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Judge nominee Janet DiFiore praised, not blamed for JCOPE woe

Westchester County District Attorney Janet DiFiore, a former

Westchester County District Attorney Janet DiFiore, a former chair of the now defunct state Joint Commission on Public Ethics, seen here on May 31, 2012, has been nominated to head the New York State court system. Credit: AP / Mike Groll

Janet DiFiore, nominated to become New York’s next chief judge, was the original chairwoman of Gov. Andrew M. Cuomo’s much-maligned ethics commission. But a former member of the commission doesn’t blame DiFiore for its problems.

Ravi Batra, who resigned from the Joint Commission on Public Ethics citing its lack of independence from Cuomo, praised DiFiore’s stewardship of the panel.

“The lack of independence was not a Janet DiFiore problem. It was a JCOPE staff problem,” said Batra, who resigned from the panel in 2012. He said he had no worries that DiFiore, if confirmed as Chief Judge of New York, would be independent of the governor. DiFiore is currently serving as Westchester County district attorney.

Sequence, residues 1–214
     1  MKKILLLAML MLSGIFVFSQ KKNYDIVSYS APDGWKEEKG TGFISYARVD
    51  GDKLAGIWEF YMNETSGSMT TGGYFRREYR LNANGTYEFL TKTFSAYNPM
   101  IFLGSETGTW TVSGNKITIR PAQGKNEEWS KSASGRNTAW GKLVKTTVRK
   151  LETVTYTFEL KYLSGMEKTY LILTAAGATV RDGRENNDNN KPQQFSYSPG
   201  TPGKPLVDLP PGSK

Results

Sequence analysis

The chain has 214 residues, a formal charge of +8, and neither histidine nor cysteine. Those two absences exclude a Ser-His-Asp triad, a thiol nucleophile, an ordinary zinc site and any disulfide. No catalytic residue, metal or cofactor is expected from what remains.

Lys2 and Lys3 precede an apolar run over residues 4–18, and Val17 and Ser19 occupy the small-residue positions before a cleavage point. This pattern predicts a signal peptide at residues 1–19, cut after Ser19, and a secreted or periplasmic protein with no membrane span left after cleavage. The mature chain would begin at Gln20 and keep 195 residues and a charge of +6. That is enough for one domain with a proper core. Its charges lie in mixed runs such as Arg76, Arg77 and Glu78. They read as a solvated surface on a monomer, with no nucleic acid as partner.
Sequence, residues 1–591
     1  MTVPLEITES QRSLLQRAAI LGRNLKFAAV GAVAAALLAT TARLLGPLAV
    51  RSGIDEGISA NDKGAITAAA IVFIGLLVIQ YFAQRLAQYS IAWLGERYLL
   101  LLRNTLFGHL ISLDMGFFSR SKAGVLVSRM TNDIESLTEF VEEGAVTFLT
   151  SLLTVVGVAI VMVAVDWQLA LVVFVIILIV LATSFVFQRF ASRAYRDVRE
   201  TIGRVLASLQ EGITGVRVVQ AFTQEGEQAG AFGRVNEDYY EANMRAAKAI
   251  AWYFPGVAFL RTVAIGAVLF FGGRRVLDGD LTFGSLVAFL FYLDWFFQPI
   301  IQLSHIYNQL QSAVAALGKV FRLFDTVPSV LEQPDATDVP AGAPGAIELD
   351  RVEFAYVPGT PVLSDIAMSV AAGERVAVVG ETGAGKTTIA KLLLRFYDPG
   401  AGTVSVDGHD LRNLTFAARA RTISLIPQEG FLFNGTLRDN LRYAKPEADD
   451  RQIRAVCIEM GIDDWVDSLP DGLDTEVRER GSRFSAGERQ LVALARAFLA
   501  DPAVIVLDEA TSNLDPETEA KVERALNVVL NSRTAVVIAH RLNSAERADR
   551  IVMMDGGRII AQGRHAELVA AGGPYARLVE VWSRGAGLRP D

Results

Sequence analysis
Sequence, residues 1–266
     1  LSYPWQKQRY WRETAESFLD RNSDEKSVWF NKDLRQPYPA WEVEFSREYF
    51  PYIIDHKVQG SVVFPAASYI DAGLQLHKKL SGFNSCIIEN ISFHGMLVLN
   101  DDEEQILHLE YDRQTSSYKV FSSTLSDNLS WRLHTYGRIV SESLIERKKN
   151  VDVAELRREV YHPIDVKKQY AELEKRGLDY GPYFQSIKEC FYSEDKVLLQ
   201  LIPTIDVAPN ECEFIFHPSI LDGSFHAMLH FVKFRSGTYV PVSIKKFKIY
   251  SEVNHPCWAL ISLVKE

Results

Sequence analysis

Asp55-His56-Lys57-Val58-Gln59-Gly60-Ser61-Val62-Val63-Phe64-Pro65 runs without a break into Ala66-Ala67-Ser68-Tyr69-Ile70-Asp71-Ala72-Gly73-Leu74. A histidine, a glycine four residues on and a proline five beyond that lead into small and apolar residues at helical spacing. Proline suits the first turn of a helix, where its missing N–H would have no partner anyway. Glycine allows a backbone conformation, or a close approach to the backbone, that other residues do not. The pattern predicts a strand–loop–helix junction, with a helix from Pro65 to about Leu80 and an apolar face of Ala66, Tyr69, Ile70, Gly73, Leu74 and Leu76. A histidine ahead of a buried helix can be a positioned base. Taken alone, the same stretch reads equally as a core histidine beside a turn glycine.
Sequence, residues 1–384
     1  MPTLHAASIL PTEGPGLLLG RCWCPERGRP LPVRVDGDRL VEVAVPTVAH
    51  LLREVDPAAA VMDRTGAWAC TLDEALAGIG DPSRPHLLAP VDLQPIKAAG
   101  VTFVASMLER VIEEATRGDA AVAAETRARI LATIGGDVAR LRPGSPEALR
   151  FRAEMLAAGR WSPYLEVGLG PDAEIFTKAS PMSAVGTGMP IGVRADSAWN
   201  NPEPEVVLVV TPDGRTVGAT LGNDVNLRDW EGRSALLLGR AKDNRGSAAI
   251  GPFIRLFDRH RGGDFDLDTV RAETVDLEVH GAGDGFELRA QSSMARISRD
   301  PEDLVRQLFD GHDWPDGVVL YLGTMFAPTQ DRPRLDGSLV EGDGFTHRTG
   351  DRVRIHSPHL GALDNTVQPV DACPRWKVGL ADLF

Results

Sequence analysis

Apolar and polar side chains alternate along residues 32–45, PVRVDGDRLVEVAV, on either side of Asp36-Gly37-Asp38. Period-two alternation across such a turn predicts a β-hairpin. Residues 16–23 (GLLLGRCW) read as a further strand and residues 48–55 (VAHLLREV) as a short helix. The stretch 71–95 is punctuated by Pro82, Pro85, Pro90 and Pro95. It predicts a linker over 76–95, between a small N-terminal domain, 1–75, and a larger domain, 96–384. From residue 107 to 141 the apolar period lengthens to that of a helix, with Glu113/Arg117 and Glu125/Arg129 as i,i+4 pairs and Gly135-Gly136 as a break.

The state Senate Judiciary Committee is expected to consider DiFiore’s nomination by Cuomo Wednesday afternoon. Sen. John Bonacic (R-Mount Hope) said recently he’s “concerned about her relationship and friendship” with the governor.

Batra, an attorney, said he’s known DiFiore in her role as prosecutor, judge and head of JCOPE, and that she’s a good pick to the lead the state court system and head the seven-member Court of Appeals.

“She allows allowed disparate and divergent views to be aired in public and in executive session,” Batra said, referring to closed-door JCOPE meetings. “Sometimes, my motions at JCOPE didn’t win. But as chair, she always gave me my chance to voice my view.”

Batra said DiFiore gave him a “fair shake” at JCOPE.

“She was critical in the birthing of a difficult organization,” Batra said. “It was not an easy thing to do.”

Batra was highly critical of JCOPE during his tenure on the commission. Most prominently, he was alone in fighting to force the Committee to Save New York -- a deep-pocketed business coalition that was a key Cuomo backer during his first two years in office -- to disclose its donors. Batra lost that battle.

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